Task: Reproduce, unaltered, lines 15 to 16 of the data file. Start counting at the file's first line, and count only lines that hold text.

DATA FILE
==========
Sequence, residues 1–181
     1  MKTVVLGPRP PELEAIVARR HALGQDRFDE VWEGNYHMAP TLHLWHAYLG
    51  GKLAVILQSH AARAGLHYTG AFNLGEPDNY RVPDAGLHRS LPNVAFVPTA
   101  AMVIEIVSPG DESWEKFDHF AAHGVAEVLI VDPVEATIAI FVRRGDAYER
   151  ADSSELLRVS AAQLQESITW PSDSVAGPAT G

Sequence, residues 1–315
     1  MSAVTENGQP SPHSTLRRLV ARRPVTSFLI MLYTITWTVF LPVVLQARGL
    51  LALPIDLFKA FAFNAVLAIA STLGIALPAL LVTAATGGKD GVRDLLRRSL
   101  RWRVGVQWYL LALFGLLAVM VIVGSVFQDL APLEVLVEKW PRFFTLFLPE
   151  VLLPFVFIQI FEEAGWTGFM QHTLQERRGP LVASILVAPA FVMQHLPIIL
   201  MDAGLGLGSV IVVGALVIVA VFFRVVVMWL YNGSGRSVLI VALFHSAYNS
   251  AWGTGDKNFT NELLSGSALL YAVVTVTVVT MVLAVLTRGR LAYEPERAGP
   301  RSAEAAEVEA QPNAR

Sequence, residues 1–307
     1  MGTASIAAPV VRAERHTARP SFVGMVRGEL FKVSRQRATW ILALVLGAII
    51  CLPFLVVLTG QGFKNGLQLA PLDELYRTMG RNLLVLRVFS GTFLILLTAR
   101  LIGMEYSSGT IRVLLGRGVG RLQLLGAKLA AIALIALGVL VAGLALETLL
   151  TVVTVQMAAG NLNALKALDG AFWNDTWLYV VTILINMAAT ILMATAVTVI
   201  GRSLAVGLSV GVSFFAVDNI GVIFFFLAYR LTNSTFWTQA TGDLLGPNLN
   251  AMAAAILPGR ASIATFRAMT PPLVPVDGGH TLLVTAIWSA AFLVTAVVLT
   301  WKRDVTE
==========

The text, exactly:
     1  MGTASIAAPV VRAERHTARP SFVGMVRGEL FKVSRQRATW ILALVLGAII
    51  CLPFLVVLTG QGFKNGLQLA PLDELYRTMG RNLLVLRVFS GTFLILLTAR